One of the most common challenges I encounter in my private practice is the stigma around mental health. Parents frequently struggle with how best to discuss therapy with their children. Maybe you are worried that your kid will refuse to go to therapy or that she will not engage with the therapist once she is in the session. Maybe a different member of the family is attending therapy, such as a spouse or a sibling, and your child is asking why these services are necessary. Conversations surrounding mental health are occurring more frequently than ever before. The good news is that there are concrete strategies that parents can use when talking with their children about mental health services.
- Confidentiality is crucial – Emphasize that therapy is a space for young patients to share their concerns with a trusted adult who will not tell them to others in the family. A key part of therapy is the therapeutic relationship. This is a relationship built on trust and a shared understanding that therapists are not going to reveal the content of therapy sessions to anyone outside of the therapy room. This means that if dad is in therapy, it is his private time to work on things that may be bothering him. The same is true if your child is the patient. Reassure your child that you agree with her having a trusted adult outside of the family to talk to and that you are not going to put pressure on the therapist to share the content of those sessions.
- The identified patient – Remind your child that just because he is going to therapy doesn’t mean he is the problem. Many times, young people are angry that they have to go to therapy because they feel that their parents or siblings have the issues, not them, so it should be someone else who goes to therapy. If this is how your child feels, he is not alone. He may very well be right. Many times, parents or siblings have their own issues that would be upsetting for any person to live with. Explain to your child that the beauty of therapy is that it is a space for him to talk to someone outside of your family unit about the exact problems impacting him. He will be the patient, but he has an opportunity to use this time to work through the family dynamics that are upsetting him. Hopefully, he will grow from the experience, even if he thinks someone else should have gone in his place.
- Going to therapy is really common these days – Ask your child the open-ended question, what are your thoughts on therapy? Do you think that going to therapy is weird? People often do not want to go to therapy because they think it is only for “crazy people” or individuals who have extreme emotional issues. We can decrease this fear by openly talking with them about how common therapy is among kids and how many celebrities are sharing their success stories to decrease stigma. A recent study completed by the S. Department of Health and Human Services found that in 2016, 3.6 million people aged 12-17 received mental health support from a psychiatrist or psychotherapist. Top well-known celebrities such as Selena Gomez are now openly discussing how therapy helped them. Share these facts with your kids to help them understand that therapy is common and helpful.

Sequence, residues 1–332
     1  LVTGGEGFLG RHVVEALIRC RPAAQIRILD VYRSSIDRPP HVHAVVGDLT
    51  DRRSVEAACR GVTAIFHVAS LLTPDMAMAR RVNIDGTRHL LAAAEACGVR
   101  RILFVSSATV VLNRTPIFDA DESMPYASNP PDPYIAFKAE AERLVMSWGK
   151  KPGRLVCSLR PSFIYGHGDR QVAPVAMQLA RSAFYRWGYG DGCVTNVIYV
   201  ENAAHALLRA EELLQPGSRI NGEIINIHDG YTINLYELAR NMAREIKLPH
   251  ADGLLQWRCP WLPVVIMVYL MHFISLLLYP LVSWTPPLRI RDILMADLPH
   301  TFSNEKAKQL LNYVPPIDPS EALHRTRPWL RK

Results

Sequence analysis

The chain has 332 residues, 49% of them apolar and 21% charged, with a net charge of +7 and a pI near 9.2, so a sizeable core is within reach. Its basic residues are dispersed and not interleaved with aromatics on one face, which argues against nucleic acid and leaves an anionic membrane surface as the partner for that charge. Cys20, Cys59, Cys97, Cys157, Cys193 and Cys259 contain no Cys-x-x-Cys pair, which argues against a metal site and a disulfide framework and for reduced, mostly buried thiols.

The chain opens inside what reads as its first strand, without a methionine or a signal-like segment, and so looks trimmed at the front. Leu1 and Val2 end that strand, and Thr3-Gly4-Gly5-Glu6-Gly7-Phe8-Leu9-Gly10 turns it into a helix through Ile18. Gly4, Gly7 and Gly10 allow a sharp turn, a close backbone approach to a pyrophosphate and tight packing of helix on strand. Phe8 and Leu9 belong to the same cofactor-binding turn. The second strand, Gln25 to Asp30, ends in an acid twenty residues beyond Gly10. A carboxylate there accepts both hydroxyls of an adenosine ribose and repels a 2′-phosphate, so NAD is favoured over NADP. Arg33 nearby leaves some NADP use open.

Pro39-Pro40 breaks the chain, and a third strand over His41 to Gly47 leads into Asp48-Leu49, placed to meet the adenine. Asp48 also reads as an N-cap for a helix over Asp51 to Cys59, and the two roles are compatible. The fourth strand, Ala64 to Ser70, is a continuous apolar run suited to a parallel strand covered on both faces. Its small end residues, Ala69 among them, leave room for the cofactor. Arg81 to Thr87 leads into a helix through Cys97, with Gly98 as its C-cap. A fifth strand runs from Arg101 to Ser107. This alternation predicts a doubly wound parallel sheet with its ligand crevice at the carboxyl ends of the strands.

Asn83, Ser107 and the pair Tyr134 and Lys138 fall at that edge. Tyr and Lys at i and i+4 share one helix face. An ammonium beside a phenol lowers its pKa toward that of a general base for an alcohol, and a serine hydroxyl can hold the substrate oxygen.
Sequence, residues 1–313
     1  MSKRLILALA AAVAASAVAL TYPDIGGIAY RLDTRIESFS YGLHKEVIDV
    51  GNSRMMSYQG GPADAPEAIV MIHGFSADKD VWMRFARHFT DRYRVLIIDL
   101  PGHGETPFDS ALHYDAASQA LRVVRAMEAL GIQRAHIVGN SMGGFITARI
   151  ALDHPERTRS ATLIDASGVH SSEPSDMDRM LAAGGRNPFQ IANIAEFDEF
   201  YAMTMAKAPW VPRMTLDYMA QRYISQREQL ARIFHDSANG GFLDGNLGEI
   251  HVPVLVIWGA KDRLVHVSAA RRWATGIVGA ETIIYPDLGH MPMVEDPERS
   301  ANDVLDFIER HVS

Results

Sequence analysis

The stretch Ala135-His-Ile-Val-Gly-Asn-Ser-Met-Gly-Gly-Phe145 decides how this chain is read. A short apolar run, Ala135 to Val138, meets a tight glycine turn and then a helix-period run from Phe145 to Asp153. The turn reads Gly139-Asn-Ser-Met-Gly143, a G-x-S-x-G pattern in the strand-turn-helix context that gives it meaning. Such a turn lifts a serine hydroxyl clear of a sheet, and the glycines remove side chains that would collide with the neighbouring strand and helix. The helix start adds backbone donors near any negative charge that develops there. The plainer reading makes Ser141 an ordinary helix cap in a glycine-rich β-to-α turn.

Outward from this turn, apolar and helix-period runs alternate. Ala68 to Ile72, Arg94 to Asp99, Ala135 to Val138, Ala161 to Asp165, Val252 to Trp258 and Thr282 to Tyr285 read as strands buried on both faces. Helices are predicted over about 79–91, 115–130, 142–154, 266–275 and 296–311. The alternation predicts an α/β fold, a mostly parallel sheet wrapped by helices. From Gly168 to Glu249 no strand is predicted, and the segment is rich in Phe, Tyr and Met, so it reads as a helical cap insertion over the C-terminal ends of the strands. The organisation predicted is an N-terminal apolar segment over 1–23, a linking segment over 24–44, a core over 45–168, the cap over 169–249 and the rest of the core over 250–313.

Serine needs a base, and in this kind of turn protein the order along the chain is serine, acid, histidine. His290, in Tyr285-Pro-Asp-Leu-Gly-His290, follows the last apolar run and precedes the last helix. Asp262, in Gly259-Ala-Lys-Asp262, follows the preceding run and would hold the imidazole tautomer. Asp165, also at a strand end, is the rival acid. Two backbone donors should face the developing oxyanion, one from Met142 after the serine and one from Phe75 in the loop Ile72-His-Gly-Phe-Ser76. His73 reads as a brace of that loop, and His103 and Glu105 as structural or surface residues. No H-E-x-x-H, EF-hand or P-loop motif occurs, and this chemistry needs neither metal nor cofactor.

- Therapy is like a deep tissue massage for the soul – Equate going to therapy to a less stigmatized wellness activity such as sitting in a hot tub or getting a massage. Sigmund Freud referred to therapy as the talking cure. The idea is that if we can put our challenges into words and share them with another person, they will begin to be a bit easier to live with. It is a chance for kids to get their inner thoughts outside of their bodies instead of being stuck whirling around their heads. Therapy is also a time to learn coping skills that can help us to relax and perform better under stress.
- Mental health disorders among children and adolescents are common – Work to normalize mental health challenges. Teens and children may go to therapy because they have depression, anxiety, have experienced a traumatic event or a significant loss, or are going through many changes in their life. (Anyone struggling with adjusting to the coronavirus pandemic?) This is a major life change that your kids can relate to and that they can talk to a therapist about!) The CDC says that 1 out of every 6 children has a diagnosable mental health disorder. This number drops to 1 in 5 when kids are below the poverty level. One of my favorite sayings is “what’s shareable is bearable,” if your child is finding it hard to navigate life, there is a good chance that talking to a therapist can help.
If you or someone you know experiences mental health issues, it is important to seek help from a qualified professional. Our Resource Specialist can help you find expert mental health resources to recover in your community. Contact us now for more information on this free service to our users.
About the Author: Lauren Blackwood has been a practicing psychotherapist since 2014. Her practice, Blackwood Psychotherapy, is located in Washington, DC. She is dedicated to serving adults with anxiety, depression, and challenges with life transitions.
The opinions and views expressed in any guest blog post do not necessarily reflect those of www.rtor.org or its sponsor, Laurel House, Inc. The author and www.rtor.org have no affiliations with any products or services mentioned in the article or linked to therein. Guest Authors may have affiliations to products mentioned or linked to in their author bios.
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